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Pakistan suffers from an extensive education crisis. Millions of Pakistani children do not attend school, and those that do must deal with absent teachers and poor learning environments, among other challenges. While this crisis is frequently discussed in Pakistan and beyond, it is often misunderstood. This new Wilson Center report, based on dozens of interviews with officials and experts across Pakistan, seeks to set the record straight. It reveals, for example, that contrary to popular narratives, Pakistan's education spending has increased significantly in recent years and is now nearly equivalent to the military budget. The report argues, however, that Pakistan must spend better, not simply spend more, in order to ease and ultimately solve its education crisis. Nadia Naviwala, the report's author and a Wilson Center public policy fellow, highlights myths about Pakistan's education budget and foreign aid; and compares how foreign donors and local leaders have sought to transform education in Pakistan, with emphasis on the central challenge of very poor learning levels.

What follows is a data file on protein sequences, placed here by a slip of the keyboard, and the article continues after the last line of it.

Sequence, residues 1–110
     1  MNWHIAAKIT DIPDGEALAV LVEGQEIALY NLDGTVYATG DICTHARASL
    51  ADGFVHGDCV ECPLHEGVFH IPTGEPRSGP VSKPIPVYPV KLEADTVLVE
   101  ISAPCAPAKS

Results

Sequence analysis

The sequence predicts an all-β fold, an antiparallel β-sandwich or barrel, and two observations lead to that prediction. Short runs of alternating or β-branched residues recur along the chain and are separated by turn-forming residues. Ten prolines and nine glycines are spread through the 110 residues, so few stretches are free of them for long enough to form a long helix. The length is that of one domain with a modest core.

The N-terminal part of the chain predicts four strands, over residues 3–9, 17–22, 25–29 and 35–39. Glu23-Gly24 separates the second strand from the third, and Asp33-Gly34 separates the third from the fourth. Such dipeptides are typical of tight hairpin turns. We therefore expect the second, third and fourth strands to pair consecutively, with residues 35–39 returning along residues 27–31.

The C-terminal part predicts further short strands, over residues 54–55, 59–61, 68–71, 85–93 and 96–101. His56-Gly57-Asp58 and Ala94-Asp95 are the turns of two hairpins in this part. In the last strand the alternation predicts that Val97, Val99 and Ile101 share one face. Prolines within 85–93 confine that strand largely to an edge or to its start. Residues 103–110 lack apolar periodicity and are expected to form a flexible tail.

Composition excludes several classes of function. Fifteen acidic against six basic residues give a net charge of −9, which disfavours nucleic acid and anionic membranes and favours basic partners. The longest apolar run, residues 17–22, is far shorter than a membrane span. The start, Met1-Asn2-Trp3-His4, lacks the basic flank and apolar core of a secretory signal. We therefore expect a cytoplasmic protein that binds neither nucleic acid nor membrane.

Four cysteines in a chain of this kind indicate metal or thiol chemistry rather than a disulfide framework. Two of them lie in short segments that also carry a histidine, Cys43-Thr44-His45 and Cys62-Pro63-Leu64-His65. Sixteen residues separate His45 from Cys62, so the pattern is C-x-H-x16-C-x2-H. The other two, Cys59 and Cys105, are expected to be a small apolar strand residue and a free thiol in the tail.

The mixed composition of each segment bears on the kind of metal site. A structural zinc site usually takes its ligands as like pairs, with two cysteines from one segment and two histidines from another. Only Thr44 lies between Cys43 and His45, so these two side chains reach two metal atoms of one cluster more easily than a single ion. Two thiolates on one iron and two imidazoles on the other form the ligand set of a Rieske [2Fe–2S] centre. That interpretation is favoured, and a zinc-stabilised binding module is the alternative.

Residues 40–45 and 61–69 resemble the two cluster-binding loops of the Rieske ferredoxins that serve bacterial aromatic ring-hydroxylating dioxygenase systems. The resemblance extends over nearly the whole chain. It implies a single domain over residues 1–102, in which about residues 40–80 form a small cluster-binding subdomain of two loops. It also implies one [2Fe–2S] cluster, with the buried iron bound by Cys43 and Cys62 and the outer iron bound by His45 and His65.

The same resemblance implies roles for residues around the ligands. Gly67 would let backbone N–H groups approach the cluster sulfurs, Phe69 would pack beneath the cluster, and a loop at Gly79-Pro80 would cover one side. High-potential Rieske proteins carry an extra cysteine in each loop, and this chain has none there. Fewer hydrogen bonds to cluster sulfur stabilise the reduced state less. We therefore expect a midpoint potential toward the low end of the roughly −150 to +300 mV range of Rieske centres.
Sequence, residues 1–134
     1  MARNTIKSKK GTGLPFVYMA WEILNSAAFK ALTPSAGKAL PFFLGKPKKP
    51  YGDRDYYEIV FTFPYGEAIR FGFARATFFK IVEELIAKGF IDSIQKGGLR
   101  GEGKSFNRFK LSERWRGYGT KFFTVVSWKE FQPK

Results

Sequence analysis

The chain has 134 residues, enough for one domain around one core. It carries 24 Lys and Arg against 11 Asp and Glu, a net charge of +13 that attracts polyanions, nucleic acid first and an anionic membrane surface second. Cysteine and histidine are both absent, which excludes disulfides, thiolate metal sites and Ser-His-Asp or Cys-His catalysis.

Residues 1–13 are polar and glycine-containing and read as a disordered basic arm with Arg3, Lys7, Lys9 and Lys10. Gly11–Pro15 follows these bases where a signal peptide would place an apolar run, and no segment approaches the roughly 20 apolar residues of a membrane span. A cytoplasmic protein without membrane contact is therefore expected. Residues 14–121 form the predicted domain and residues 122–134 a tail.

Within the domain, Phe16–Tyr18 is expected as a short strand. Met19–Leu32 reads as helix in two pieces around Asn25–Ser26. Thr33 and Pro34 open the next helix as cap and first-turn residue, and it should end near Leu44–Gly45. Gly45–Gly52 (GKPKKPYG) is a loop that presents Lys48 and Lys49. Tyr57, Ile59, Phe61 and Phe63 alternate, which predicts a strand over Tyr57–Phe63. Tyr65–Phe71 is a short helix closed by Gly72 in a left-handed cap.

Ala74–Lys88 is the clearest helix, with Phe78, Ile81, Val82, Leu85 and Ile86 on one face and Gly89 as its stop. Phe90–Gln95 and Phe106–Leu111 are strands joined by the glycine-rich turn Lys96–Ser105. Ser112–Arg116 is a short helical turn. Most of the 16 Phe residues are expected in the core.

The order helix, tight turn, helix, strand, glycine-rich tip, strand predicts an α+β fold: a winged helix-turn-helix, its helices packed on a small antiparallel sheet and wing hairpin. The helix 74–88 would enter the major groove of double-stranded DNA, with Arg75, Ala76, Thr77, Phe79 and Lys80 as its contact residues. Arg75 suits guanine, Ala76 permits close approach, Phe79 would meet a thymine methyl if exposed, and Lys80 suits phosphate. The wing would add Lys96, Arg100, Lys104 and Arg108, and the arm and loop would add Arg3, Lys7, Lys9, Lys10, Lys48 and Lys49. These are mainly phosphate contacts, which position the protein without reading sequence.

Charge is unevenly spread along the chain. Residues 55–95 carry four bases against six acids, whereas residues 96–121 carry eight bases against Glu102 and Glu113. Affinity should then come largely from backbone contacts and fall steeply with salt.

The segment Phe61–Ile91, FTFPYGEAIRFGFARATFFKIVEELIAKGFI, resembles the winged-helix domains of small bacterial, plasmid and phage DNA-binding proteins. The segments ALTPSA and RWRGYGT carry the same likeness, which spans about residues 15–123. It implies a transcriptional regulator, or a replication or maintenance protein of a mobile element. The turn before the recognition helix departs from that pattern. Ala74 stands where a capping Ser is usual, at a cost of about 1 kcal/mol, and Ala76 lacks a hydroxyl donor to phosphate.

Cover Image: UK Department for International Development, CC 2.0

Pakistan's Education Crisis: The Real Story by The Wilson Center on Scribd

About the Author

Nadia Naviwala

Nadia Naviwala

Global Fellow;
Independent Writer on Foreign Aid, Local Philanthropy, Civil Society, and Education in Pakistan; Former USIP Country Representative for Pakistan, Former USAID Pakistan Desk Officer; Former U.S. Senate National Security Aide; Former Public Policy Fellow;
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Asia Program

The Asia Program promotes policy debate and intellectual discussions on U.S. interests in the Asia-Pacific as well as political, economic, security, and social issues relating to the world’s most populous and economically dynamic region.   Read more

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